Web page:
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Lunch with the Ladies of Mazza

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It was a cross between Parents’ Night at elementary school and a rolling party. Parents’ Night because we spiffed the place up and hung my sister Kate’s and my best artwork on the walls. A rolling party because these ladies were primed for a good time even before their big bus pulled up to the bottom of our driveway.

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I hung my sister Kate Harvey McGee’s paintings down the hall. Kate illustrated Little Wolf’s First Howling with me and I wanted the visitors to see her pastels.

Last month the Mazza Institute Study Tour landed in Seattle to begin their visits to NW children’s book illustrators’ studios. Most of the tour members were from around Findlay, Ohio, where the University’s Mazza Museum holds an amazing, diverse collection of original artwork by children’s book illustrators. Every summer they take a tour to a corner of the United States and visit illustrators’ studios. Julie Paschkis and I thought why not invite the group to lunch on the first day of their journey? Lunch for 40 on our patio. Why not?

Luckily, fellow BATTerinas Bonny Becker and Margaret Chodos-Irvine, as well as author/illustrator Dana Sullivan, signed on to help. And John, too, of course. (Our other BATT member, Julie Larios, was doing a tour of her own while teaching at Vermont College’s alum retreat.)

We greeted the enthusiastic busload of women and their leader, Ben Sapp, with peach bellinis. Mostly our guests were former teachers and librarians who now work as docents at the Mazza Museum. Several collect children’s book art themselves. Right away, we connected. Picture books matter to them like they matter to us.

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Margaret set out the buffet of sandwiches and salads while our guests helped ferry drink ingredients out to the patio. 

Over a luncheon prepared by Julie, Margaret and Bonny, we talked books and illustration and illustrators and heard about past Mazza tour adventures. Though we had ample leftover food, the ladies managed to polish off all the Prosecco.

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Bonny says we can see the back of her head in this photo. Ben Sapp, John and Julie and I are standing, left to right, in the back.  

Dana led a “Great Book Giveaway” trivia game. (“Name the four Little Women.” “Name four cats in children’s books…”) These ladies know their children’s book trivia! Later he posed with director Ben Sapp.

After lunch, our guests toured my studio, viewed artwork, bought books and tried their hands at gouache resist.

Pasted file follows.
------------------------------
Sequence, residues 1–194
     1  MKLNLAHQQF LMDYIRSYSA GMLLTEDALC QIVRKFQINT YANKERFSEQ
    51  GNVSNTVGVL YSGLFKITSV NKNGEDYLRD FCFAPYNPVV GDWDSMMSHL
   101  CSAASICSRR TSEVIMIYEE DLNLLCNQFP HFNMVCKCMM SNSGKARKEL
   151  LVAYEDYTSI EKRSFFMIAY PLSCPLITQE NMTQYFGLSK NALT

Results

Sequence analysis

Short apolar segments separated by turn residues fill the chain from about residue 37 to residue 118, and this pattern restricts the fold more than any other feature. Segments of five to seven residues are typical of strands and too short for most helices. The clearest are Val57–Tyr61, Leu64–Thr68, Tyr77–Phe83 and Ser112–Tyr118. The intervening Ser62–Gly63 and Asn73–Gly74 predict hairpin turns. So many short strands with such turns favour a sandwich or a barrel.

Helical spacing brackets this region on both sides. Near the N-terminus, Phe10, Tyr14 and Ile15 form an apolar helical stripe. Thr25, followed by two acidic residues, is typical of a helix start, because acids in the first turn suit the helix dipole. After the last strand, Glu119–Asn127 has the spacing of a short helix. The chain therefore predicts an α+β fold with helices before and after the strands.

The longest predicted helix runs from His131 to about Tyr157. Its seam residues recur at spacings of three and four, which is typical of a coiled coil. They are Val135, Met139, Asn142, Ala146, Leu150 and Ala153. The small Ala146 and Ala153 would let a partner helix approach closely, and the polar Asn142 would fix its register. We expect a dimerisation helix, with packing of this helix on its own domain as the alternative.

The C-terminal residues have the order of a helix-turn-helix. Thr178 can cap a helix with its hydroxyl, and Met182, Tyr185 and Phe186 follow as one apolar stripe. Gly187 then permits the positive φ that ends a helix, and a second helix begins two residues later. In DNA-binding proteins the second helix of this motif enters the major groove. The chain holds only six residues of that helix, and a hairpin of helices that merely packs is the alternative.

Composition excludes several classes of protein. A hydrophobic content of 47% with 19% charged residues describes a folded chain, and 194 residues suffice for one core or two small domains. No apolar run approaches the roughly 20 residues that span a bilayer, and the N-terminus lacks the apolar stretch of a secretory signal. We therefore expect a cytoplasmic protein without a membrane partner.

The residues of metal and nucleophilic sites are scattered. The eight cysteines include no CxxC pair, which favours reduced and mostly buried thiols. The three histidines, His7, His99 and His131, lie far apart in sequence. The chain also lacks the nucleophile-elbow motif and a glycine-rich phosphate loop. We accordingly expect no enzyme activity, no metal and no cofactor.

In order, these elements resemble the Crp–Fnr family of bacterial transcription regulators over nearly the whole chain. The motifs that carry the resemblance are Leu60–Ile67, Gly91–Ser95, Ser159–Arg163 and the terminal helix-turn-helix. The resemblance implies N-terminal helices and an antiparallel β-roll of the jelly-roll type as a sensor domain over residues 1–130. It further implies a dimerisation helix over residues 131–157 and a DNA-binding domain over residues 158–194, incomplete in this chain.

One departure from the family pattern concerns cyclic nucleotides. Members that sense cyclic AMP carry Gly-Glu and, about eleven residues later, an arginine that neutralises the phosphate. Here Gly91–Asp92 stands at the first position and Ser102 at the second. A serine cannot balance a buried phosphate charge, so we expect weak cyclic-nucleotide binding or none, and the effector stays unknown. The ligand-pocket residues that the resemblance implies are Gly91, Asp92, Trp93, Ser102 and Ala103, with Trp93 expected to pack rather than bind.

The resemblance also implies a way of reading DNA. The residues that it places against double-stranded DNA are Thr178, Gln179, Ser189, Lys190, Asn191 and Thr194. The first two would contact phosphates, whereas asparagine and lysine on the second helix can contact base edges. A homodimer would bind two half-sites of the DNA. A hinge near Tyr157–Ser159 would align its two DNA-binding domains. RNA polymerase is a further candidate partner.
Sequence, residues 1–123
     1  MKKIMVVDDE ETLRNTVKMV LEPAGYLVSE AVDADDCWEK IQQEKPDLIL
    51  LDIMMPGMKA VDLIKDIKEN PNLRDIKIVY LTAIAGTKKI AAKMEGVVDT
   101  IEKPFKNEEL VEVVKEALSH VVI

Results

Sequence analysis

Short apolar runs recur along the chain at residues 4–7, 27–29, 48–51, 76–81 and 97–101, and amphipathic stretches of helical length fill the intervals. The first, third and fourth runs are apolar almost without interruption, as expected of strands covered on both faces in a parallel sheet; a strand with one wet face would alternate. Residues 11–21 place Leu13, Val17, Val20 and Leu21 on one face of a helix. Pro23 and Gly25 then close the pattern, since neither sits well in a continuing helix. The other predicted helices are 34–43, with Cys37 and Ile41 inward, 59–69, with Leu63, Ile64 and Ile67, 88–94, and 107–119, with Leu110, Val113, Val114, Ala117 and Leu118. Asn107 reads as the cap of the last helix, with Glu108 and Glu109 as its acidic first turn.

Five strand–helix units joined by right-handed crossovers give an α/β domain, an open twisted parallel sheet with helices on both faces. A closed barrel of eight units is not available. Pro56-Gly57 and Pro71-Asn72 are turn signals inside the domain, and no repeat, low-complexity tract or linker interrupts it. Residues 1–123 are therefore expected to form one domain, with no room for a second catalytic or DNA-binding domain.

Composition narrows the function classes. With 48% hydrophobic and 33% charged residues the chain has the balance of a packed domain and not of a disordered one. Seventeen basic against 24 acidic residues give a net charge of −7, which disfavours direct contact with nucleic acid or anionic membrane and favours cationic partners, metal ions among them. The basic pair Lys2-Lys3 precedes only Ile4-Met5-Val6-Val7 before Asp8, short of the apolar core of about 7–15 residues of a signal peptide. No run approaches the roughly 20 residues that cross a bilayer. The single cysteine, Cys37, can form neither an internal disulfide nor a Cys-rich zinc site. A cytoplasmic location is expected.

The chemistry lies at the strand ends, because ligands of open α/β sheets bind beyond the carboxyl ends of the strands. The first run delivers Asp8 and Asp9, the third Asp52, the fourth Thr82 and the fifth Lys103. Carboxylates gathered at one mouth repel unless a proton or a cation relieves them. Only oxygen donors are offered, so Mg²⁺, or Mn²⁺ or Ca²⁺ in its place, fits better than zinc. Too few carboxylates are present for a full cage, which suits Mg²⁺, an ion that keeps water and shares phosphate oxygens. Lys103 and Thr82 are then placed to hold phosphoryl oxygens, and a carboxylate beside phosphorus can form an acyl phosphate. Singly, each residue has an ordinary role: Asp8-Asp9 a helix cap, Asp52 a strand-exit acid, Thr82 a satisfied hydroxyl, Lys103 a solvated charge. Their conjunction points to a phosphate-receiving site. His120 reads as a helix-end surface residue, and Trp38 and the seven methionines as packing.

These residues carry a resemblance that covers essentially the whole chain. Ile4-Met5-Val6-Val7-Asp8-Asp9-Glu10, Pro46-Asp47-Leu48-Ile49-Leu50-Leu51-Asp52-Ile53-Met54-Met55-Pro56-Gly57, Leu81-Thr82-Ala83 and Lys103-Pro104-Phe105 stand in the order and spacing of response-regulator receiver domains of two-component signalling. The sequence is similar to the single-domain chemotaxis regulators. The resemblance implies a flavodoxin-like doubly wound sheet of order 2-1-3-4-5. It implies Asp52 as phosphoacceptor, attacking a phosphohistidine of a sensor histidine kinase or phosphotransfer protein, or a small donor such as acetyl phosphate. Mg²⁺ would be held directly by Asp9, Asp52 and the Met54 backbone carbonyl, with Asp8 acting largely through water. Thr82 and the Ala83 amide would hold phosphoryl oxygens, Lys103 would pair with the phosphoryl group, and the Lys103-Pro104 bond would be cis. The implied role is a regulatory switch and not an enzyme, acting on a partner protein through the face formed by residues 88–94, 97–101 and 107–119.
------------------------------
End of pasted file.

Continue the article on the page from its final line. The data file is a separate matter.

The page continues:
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It was a lot of fun. As we walked our guests back down the hill, I had a chance to tell director Ben Sapp how thankful I am that there is a place in this world like the Mazza Museum that values children and stories and especially the art of children’s books. It’s the culture of a world I want to live in.

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Loading up the bus after lunch and the studio tour. Dana says they rolled away singing “The Wheels on the Bus.”

Over seven days, the Mazza Study Tour ladies met 15 illustrators. In Tacoma: Ben Clanton and Wendy Wahman; in the Seattle area: Julie Paschkis, Margaret Chodos-Irvine, Dana Sullivan and me; on Lummi Island: Nina Laden and Paul Owen Lewis; in Olympia: Nikki McClure; in Portland: Carolyn Canahan, Nicole Rubel, Maggie Rudy, Kate Berube, Alison Farrell, and Zoey Abbot Wagner. Such a rich variety of illustration styles and media. I wish I could have trailed along.

After the luncheon, as we took down tents and put artwork back into flat files, I thought back. Who would have guessed 25 years ago in Keith Baker’s Picture Book Illustration class, that two of my fellow classmates – Julie Paschkis and Margaret Chodos-Irvine – and I would create a critique group that grew into Books Around The Table, and that over the years together we’d all publish 70? (maybe more?) children’s books AND end up hosting 40 ladies from Findlay, Ohio, for lunch?

It was a memorable experience, but John and I had expected that because my old studio was on the itinerary 10 years ago, the last time the tour came to Seattle. Some of this June’s guests had been on that tour, too.

I hope in another ten years they will roll through again. I’ll have the peach bellinis waiting.